Missouri voters will decide the outcome of a contentious voter ID measure in November’s election.
Republican state lawmakers passed legislation and overrode Governor Nixon’s veto of such a bill this year. The measure requires voters to present a photo ID, but allows them to forgo the procedure if they sign an affidavit.
The affidavit state’s that the voter is aware that they can get a photo ID for free and that they’ll attempt to obtain one. Republican state Senator Dan Hegeman of Cosby supported the bill. “I think that the integrity of our elections is certainly worth stepping up and working with people to ensure that integrity, so that people feel comfortable that the election process is fair and substantive.”
The bill becomes law if citizens pass the voter ID ballot measure next month. But the ballot measure actually goes further. It allows the legislature to come back in future sessions and strip the affidavit process and require voters to have a photo ID as a condition to cast a ballot.
Democratic governor candidate Chris Koster has differing views on the legislation versus the ballot measure. “The legislation that was passed in the general assembly, the Republicans are getting close to the line” said Koster. “They haven’t crossed that line, but they’ve opened the door to an area of concern. It’s an area that the courts and governments around the country have watched very closely.”
Although Koster has said he wouldn’t have vetoed the legislation, he’s voting against the ballot measure. He says his concern is over the possibility lawmakers could do away with the affidavit provision in the future.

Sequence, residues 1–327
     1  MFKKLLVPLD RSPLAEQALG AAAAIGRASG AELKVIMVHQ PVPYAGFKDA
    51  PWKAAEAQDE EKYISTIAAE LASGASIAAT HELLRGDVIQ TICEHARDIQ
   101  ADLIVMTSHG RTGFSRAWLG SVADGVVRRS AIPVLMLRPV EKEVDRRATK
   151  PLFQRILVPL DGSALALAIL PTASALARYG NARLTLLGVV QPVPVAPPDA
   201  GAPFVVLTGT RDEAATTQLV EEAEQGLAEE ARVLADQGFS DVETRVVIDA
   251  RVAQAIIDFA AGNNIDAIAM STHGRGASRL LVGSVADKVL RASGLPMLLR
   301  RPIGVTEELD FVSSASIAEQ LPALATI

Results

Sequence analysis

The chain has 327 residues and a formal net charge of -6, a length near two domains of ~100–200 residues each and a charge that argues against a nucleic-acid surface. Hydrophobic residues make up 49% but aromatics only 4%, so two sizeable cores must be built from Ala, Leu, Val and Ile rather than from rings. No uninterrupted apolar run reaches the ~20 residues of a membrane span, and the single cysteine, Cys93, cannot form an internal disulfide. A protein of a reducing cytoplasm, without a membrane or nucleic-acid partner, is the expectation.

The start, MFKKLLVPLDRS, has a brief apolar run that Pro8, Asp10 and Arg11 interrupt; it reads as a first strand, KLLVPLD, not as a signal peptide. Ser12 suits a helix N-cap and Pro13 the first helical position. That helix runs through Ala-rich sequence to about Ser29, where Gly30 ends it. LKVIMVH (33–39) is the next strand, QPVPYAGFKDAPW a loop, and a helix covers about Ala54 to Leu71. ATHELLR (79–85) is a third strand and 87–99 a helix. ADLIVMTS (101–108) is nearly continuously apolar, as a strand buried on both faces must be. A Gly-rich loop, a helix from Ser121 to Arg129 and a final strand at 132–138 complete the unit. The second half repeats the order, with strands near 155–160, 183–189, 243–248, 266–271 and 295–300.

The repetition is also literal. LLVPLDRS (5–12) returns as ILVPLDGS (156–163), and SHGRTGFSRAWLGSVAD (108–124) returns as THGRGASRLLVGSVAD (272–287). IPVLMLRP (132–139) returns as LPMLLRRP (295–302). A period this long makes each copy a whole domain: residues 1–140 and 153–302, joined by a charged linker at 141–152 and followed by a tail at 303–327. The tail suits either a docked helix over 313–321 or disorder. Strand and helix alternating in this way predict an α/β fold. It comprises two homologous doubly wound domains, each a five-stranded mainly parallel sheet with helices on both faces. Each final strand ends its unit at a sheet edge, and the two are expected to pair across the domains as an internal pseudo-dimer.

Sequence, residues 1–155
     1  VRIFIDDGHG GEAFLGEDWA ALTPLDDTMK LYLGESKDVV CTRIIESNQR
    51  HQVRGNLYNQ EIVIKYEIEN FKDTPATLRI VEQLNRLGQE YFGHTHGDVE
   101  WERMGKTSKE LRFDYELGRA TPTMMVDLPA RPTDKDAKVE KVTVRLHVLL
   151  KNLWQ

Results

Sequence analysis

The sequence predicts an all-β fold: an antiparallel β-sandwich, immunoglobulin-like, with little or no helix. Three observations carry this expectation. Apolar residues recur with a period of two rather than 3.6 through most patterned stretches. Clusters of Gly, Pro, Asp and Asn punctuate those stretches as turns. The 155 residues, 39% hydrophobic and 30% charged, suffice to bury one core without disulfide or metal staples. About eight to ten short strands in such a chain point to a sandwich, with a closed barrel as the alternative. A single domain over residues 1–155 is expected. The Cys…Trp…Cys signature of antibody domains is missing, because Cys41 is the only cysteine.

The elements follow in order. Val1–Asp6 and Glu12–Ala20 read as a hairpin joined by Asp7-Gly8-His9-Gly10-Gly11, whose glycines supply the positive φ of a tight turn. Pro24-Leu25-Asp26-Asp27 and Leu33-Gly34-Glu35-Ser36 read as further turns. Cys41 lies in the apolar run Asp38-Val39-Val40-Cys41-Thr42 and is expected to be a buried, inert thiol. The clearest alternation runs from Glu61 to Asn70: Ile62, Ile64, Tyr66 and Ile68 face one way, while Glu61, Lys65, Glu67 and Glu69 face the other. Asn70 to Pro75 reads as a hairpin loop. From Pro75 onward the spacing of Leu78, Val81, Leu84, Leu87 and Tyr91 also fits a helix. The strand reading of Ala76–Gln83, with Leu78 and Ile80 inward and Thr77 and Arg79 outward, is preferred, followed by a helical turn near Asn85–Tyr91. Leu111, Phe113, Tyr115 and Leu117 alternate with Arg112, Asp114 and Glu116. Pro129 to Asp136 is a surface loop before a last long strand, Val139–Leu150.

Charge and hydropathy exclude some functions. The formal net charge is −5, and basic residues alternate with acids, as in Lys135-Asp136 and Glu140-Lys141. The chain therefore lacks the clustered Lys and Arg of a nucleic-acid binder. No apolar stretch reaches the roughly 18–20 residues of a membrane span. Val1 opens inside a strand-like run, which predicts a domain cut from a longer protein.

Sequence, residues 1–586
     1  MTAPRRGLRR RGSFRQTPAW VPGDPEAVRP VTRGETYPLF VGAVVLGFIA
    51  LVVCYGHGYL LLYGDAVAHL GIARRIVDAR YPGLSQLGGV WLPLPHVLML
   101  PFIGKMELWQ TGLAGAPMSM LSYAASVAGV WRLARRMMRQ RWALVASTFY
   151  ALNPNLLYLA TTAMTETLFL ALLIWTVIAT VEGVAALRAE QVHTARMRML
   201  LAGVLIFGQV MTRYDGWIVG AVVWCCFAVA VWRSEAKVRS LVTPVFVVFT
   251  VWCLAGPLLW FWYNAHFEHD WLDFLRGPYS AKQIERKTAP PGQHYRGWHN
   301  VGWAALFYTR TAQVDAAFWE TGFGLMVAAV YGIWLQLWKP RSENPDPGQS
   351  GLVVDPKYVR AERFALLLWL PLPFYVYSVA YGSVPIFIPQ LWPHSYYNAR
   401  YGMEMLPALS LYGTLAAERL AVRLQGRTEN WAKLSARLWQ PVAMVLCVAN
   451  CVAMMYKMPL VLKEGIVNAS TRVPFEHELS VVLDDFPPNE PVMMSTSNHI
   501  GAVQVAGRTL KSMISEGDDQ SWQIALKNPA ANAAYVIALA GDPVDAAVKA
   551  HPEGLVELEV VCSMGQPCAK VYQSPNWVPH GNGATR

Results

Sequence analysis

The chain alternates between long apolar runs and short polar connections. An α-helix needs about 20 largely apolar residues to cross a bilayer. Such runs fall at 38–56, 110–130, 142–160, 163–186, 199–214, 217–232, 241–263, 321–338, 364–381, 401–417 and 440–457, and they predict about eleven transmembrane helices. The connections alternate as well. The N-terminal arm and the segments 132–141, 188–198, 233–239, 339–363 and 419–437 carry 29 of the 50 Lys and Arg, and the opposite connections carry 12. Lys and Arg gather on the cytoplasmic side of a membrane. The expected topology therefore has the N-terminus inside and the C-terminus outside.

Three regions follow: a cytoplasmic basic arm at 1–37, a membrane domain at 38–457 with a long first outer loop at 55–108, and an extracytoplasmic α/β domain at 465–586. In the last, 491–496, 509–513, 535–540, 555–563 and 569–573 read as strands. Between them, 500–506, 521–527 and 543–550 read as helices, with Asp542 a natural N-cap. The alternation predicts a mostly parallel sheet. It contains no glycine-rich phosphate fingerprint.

Republican governor candidate Eric Greitens has attempted to capitalize on the nuance of Koster’s stance by accusing the Democrat of flip-flopping on the issue.
While Republicans say requiring photo ID’s at polling places is a common sense safeguard against voter fraud, Democrats almost uniformly oppose the laws, claiming voter fraud is practically non-existent.
Senator Hegeman says fraud does exist, but it’s not dealt with. “People say that it doesn’t exist because it hasn’t been prosecuted” said Hegeman. “It is hard to get prosecutors interested in pursuing these types of crimes, or investigations, when they have a full docket of other issues out there that they have to deal with on a regular basis.”
Democrats also contend voter ID laws disenfranchise those who have greater likelihood of not having the documents, particularly elderly, minority and young people, who tend to vote Democratic. A federal court overturned a North Carolina voter ID law earlier this year, specifically for targeting African Americans.
If elected governor, Koster says he’ll be watching for improprieties if the ballot measure passes. “We’ll be very watchful for any signs of disenfranchisement or voter intimidation that would occur as a result of this measure passing.”
The voter ID ballot measure appears on the November 8th ballot as “Constitutional Amendment 6”.